EL PASO, Texas -- An out-of-town law firm representing Aug. 3 shooting victims and their families in a lawsuit against Walmart contributed $10,000 to the re-election campaign of El Paso Judge Sergio H. Enriquez, who is presiding over the case in the 448th District Court.
That's according to campaign finance reports filed with the Texas Ethics Commission that were reviewed by ABC-7. (You can view the document at the bottom of this article.)
The contribution made by the Ammons Law Firm of Houston makes up over 40 percent of Enriquez's total political contributions, which amount to $24,800 during the reporting period of Jan. 24 to Feb. 22.
Enriquez had a more than $25,000 in total political expenditures during that time period as well.
Ammons only contributed to Enriquez's campaign during the reporting period, the firm during that time did not donate to the campaigns of any other judge or judicial candidate in the El Paso area.
Enriquez's opponent, Abe Gonzalez who is a partner at El Paso's Kemp Smith law firm, has raised just $1,975 during that period. His total political expenditures were $23,806.38 during that same period.
According to the Texas Center for Legal Ethics, "a judge shall refrain from financial and business dealings that tend to reflect adversely on the judge's impartiality, interfere with the proper performance of the judicial duties, exploit his or her judicial position, or involve the judge in frequent transactions with lawyers or persons likely to come before the court on which the judge serves."
While acceptance of the donation by Enriquez may be questionable by some, it is not illegal. In the state of Texas, a judge or judicial candidate may legally ask for and receive funds from a law firm or attorney despite the ethical considerations noted above.
A spokeswoman for the Ammons Law Firm told ABC-7 that the firm "regularly gives political contributions to experienced candidates, as is within their right."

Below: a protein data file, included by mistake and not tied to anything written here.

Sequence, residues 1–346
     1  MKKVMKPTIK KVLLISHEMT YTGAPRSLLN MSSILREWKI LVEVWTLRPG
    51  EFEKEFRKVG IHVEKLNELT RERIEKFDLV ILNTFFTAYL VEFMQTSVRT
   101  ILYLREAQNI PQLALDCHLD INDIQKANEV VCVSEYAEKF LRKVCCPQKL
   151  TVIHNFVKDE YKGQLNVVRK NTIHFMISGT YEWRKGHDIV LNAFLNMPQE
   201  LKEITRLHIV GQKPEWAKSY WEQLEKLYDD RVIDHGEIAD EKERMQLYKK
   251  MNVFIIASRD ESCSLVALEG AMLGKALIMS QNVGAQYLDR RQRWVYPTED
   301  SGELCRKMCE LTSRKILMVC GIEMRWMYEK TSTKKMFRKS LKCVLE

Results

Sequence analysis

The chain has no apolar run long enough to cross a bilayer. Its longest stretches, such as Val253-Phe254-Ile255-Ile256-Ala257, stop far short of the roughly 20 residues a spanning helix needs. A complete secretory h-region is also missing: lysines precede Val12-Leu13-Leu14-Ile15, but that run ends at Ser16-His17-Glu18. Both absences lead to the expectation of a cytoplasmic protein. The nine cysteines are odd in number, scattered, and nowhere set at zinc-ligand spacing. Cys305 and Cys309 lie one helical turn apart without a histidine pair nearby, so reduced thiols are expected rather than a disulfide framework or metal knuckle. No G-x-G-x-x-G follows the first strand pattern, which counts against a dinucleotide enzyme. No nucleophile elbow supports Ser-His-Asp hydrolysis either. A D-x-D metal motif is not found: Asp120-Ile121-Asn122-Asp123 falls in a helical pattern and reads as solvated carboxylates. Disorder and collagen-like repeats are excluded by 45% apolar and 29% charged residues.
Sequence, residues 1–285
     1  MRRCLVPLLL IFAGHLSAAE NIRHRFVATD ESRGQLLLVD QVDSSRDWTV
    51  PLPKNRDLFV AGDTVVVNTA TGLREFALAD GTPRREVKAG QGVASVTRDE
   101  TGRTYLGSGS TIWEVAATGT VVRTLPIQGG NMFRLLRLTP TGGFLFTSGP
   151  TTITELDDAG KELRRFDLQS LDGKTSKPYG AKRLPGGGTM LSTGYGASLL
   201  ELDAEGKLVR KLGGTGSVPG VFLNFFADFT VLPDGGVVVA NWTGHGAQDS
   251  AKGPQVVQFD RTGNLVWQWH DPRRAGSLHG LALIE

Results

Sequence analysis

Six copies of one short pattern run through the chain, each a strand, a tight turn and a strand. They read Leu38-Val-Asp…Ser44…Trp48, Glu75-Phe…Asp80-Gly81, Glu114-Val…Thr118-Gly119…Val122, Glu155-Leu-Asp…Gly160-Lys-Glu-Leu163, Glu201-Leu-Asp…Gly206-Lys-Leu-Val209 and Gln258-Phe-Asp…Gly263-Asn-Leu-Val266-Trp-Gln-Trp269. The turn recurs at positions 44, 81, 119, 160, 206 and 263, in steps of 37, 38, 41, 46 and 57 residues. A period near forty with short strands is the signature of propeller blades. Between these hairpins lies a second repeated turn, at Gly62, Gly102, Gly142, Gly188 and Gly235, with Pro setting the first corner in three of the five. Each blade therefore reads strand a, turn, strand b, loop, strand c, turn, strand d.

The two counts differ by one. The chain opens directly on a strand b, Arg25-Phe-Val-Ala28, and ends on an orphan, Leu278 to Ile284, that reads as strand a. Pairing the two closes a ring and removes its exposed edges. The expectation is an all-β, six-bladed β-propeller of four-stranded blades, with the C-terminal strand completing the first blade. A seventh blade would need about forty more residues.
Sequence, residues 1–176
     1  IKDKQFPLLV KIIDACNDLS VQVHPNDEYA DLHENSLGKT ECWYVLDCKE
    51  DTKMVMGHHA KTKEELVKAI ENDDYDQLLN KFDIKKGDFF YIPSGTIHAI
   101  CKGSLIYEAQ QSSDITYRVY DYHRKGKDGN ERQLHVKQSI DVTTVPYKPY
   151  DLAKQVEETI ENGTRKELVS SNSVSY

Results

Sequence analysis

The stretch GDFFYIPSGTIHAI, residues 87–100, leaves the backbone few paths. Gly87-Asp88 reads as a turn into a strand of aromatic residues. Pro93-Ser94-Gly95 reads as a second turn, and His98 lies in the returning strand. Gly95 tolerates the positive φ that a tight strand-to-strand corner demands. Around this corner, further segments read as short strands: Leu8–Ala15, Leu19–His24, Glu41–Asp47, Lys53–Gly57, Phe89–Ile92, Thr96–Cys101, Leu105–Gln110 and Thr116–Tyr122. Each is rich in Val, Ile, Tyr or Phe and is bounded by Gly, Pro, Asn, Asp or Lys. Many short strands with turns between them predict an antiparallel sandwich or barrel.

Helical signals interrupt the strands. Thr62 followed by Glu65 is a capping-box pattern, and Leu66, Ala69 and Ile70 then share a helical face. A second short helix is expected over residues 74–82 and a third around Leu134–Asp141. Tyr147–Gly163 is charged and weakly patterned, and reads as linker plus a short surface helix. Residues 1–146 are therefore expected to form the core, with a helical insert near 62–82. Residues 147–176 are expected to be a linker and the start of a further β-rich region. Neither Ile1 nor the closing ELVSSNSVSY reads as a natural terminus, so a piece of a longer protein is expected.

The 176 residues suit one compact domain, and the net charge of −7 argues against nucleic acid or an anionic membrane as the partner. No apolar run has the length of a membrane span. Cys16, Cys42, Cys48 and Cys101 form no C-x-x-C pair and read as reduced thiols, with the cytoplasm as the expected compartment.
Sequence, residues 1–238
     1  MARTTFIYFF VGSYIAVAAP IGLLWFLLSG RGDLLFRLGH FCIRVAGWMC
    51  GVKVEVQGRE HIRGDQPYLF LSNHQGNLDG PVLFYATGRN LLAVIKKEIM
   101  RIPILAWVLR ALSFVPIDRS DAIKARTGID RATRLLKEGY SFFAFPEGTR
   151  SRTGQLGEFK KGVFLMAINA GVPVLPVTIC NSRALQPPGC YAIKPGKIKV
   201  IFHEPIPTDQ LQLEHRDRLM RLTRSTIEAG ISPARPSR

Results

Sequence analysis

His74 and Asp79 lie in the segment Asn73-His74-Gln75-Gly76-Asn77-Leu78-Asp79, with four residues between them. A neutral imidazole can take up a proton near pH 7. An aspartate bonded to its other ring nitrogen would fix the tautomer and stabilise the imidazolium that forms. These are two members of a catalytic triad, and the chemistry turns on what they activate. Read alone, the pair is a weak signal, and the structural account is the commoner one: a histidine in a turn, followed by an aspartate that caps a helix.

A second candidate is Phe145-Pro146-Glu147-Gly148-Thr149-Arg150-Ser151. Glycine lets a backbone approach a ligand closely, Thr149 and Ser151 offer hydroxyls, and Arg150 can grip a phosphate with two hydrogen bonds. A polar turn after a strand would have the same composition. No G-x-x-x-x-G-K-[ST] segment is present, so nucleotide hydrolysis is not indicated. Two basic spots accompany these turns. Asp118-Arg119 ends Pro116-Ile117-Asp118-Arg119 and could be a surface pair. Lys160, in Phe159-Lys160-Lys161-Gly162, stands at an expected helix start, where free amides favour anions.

"It's not an uncommon practice," maintained Miranda Sevcik. "Many, many other law firms in the state do that.”
When asked about the potential ethical conflict raised by her firm's donation to Enriquez, Sevcik contended, "There's nothing illegal about it."
"Law firms do it all the time and whether or not it's an ethical question is really one for the Texas state Legislature," she added.
ABC-7 also asked about what motivated the firm to specifically contribute to Enriquez's campaign and not others in the El Paso area.
"I wasn't there, I didn't write the check," Sevcik responded. "So, as far as a motivation behind it, I can't speak to it, but we do it all the time."
ABC-7 spent five hours Friday waiting for Judge Enriquez outside his office, where aides said he was in a meeting, to ask why he accepted the Ammons donation. Despite being aware that an ABC-7 crew was there, the judge did not take time to speak with them.
His campaign marketing director told ABC-7 that the judge was abiding by campaign rules under Texas law and didn't believe that taking the contribution posed any conflict.
Enrqiuez is a "very ethical person," maintained the marketing manager, Orlando Rodriguez. "He has got a responsibility to uphold the law and he’s got a responsibility to do his job and knowing him he’ll do his job.”
The judge's name appears on the upcoming March 3 election ballot.